Nations have generally avoided assassinating each other’s leaders. Yes, it has happened in the past. But since the 1700s, nations have generally agreed that killing each other’s leaders causes problems instead of solving them.
This is specifically true for larger, more powerful nations like the U.S. While it might seem that killing a problem leader is a good idea, it actually gives advantages to smaller nations and armed groups that are not affiliated with nations, such as terrorist organizations.
Modern technology is making it easier to evade defenses and kill national leaders. Poisons and toxins have been developed that are easily concealed, easily smuggled and are deadly when deployed. The Russians have used poisons, including a radioactive one, to kill people they considered to be enemies of the state.
The U.S. is rightfully proud of its technology such as the Reaper drone that took out Soleimani. But we are not the only nation with that technology. Iran in particular has developed drone technology and can use them to conduct military strikes.
In such a world, the United States is not the only nation that could strike and kill a leader.
Technology isn’t needed, either. Imagine a scenario in which the U.S. Secretary of Defense, Mark T. Esper, decides to have lunch in a Washington, D.C. restaurant. As he walks across the sidewalk to his limo, a disguised assassin leaps from the crowd and stabs him with a long knife that had been hidden. Before Esper’s security can react, the secretary is stabbed multiple times. The attacker is wrestled to the ground, disarmed and arrested but the damage is done.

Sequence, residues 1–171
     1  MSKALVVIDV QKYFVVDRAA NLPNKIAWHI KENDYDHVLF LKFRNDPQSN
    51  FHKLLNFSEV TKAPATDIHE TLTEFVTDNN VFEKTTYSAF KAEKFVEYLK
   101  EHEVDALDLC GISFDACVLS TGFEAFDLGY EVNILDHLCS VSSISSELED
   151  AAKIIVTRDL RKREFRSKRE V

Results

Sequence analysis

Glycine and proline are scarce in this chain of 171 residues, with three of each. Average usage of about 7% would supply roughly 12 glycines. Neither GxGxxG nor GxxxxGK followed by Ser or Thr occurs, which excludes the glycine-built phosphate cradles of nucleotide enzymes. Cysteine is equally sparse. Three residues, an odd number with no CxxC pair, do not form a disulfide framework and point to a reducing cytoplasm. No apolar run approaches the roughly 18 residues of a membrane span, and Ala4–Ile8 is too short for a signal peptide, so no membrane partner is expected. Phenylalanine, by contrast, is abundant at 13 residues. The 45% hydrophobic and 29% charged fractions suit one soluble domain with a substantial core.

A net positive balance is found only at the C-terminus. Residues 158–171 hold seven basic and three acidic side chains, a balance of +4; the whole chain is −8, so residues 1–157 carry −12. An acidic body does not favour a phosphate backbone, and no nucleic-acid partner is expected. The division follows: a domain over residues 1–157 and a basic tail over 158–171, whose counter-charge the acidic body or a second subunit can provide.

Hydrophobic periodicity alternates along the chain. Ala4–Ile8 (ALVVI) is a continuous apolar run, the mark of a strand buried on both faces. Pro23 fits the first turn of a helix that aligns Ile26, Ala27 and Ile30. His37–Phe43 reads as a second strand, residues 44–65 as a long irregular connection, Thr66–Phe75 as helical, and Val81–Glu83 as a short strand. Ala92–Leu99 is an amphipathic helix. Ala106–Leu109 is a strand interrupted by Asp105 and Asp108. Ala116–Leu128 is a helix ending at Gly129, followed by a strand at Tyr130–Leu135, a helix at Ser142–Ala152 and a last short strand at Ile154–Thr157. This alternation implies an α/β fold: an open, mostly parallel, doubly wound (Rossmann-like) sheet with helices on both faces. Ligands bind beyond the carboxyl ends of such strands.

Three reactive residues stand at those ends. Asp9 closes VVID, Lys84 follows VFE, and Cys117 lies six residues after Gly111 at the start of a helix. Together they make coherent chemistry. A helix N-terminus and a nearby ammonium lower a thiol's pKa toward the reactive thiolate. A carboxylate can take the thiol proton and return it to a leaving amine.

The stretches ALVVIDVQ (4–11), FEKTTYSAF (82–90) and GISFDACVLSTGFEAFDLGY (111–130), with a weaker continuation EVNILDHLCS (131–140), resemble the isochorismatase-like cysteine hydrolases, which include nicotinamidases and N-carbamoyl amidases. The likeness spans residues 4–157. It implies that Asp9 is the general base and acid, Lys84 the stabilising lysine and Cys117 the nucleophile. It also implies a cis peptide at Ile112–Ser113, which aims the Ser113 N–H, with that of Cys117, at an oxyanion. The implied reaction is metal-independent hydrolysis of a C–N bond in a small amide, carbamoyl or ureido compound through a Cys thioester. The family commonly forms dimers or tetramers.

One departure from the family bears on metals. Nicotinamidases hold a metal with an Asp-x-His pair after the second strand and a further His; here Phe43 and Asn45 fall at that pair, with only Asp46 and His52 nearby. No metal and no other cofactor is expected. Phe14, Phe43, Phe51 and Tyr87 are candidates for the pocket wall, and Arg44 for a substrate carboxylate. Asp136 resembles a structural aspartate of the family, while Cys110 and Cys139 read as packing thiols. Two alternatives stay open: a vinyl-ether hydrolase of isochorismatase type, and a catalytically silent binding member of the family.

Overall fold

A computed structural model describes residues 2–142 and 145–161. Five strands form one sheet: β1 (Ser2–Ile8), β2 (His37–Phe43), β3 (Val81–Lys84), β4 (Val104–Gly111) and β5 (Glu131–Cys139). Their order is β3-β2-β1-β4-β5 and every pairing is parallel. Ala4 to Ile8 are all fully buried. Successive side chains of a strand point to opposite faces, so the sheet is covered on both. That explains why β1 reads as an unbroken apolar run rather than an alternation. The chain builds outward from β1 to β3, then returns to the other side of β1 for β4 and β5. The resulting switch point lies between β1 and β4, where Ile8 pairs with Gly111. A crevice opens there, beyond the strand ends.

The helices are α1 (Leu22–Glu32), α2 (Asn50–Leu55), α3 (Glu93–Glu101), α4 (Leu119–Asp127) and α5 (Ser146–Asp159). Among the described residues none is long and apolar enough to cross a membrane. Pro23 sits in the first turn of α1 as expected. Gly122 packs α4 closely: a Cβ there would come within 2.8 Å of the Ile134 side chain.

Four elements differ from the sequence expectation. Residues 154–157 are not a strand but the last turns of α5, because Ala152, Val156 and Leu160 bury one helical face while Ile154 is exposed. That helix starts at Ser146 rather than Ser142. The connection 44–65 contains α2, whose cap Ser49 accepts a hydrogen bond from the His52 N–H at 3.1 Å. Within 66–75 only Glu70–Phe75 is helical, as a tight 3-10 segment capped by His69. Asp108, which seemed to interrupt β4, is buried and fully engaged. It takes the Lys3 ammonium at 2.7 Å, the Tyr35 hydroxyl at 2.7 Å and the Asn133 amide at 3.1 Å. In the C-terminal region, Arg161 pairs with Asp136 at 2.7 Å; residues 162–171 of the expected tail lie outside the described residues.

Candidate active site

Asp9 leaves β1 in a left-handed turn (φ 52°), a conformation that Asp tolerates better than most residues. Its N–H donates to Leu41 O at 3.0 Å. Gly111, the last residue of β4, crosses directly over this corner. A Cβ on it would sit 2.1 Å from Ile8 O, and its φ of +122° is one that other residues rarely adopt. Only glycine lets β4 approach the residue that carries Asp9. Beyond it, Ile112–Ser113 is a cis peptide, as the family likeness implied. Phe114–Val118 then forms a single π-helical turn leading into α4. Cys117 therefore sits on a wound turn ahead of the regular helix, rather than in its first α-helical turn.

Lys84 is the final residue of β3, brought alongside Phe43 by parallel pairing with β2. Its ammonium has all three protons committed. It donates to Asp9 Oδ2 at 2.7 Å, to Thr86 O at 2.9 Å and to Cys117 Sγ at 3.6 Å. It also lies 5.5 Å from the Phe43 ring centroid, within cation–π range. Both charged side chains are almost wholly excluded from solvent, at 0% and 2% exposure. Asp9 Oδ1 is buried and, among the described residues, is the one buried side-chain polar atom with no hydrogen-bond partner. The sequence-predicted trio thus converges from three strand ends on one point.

This act would require nothing more than the planting of a trained and dedicated person and the acquisition of a knife. No drone technology required.
What would the reaction of our nation be to such an attack? What would we call it? We would certainly call it an assassination attempt if Secretary Esper lived and an assassination if he does not.
If what we do to the leaders of other nations is considered to be straight assassination, without the element of an impending attack on our nation, then we are inviting the same kind of attacks here. We could hardly condemn the attack if we have done it to others.
This is why the element of an impending threat is so important. If there’s an impending threat, we are defending ourselves. If there is no impending threat, then we are carrying out an assassination and we should expect the same to happen to us. And we will not be able to claim the moral high ground.
Who I am
Having published this during a time of extreme tribal politics in the U.S., my words are going to be misunderstood and I’m going to be accused of all kind of things. So, to be clear, let me state the following for the record.
First, this is not a political letter. I am expressing a genuine concern as a constituent of Pennsylvania's 13th Congressional District.
I am writing as a taxpaying U.S. citizen. I am a husband of 26 years and the father of two. My son is serving in the United States Navy aboard the USS Texas submarine. My daughter is an education major at Duquesne University in Pittsburgh. I am very proud of both.
I have been a conservative and registered Republican since my college days. I am a sworn municipal police officer and the owner of two small businesses. I employ about a half-dozen people.
I have a bachelor’s degree in journalism from Indiana University of Pa. (1989) and an MBA from the University of Maryland, 1999. I have taught at Penn State Altoona since 2001.
I would welcome and appreciate a response which is not tinged with partisan politics, but which clearly expresses how the U.S. House of Representatives will resume following the U.S. Constitution.
– Allan J. Bassler
PS. Thank you for visiting Williamsburg recently.